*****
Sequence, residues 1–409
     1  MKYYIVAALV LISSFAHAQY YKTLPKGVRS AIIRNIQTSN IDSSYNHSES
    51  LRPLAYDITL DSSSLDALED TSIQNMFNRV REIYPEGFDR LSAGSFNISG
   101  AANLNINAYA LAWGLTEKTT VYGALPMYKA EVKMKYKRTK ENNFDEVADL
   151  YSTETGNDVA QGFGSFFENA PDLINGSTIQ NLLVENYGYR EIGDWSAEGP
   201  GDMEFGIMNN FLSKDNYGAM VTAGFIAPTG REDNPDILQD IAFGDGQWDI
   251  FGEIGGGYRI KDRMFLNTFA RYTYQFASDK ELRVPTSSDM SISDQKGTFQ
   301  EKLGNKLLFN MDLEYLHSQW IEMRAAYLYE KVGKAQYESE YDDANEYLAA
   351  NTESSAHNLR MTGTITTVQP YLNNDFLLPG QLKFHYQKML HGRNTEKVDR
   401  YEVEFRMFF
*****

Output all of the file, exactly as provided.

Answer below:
Sequence, residues 1–409
     1  MKYYIVAALV LISSFAHAQY YKTLPKGVRS AIIRNIQTSN IDSSYNHSES
    51  LRPLAYDITL DSSSLDALED TSIQNMFNRV REIYPEGFDR LSAGSFNISG
   101  AANLNINAYA LAWGLTEKTT VYGALPMYKA EVKMKYKRTK ENNFDEVADL
   151  YSTETGNDVA QGFGSFFENA PDLINGSTIQ NLLVENYGYR EIGDWSAEGP
   201  GDMEFGIMNN FLSKDNYGAM VTAGFIAPTG REDNPDILQD IAFGDGQWDI
   251  FGEIGGGYRI KDRMFLNTFA RYTYQFASDK ELRVPTSSDM SISDQKGTFQ
   301  EKLGNKLLFN MDLEYLHSQW IEMRAAYLYE KVGKAQYESE YDDANEYLAA
   351  NTESSAHNLR MTGTITTVQP YLNNDFLLPG QLKFHYQKML HGRNTEKVDR
   401  YEVEFRMFF